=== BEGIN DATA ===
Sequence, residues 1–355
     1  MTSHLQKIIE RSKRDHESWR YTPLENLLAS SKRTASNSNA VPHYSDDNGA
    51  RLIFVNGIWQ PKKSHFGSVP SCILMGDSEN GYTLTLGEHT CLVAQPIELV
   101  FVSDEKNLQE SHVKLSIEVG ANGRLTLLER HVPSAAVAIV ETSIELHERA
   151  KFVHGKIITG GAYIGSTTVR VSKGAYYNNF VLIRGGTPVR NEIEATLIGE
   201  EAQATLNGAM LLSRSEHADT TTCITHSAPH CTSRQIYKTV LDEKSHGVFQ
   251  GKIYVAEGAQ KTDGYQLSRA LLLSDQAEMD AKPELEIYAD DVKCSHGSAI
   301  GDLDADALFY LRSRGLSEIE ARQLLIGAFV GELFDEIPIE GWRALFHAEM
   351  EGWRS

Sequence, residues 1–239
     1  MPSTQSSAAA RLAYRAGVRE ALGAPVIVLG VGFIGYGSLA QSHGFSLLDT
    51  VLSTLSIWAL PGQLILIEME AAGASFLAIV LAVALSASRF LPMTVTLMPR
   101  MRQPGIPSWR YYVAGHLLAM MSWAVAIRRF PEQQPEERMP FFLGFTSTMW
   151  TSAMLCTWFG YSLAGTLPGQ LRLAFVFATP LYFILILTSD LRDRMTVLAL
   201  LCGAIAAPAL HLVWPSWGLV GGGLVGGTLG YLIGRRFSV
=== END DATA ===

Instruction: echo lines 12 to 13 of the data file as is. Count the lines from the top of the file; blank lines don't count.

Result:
    51  VLSTLSIWAL PGQLILIEME AAGASFLAIV LAVALSASRF LPMTVTLMPR
   101  MRQPGIPSWR YYVAGHLLAM MSWAVAIRRF PEQQPEERMP FFLGFTSTMW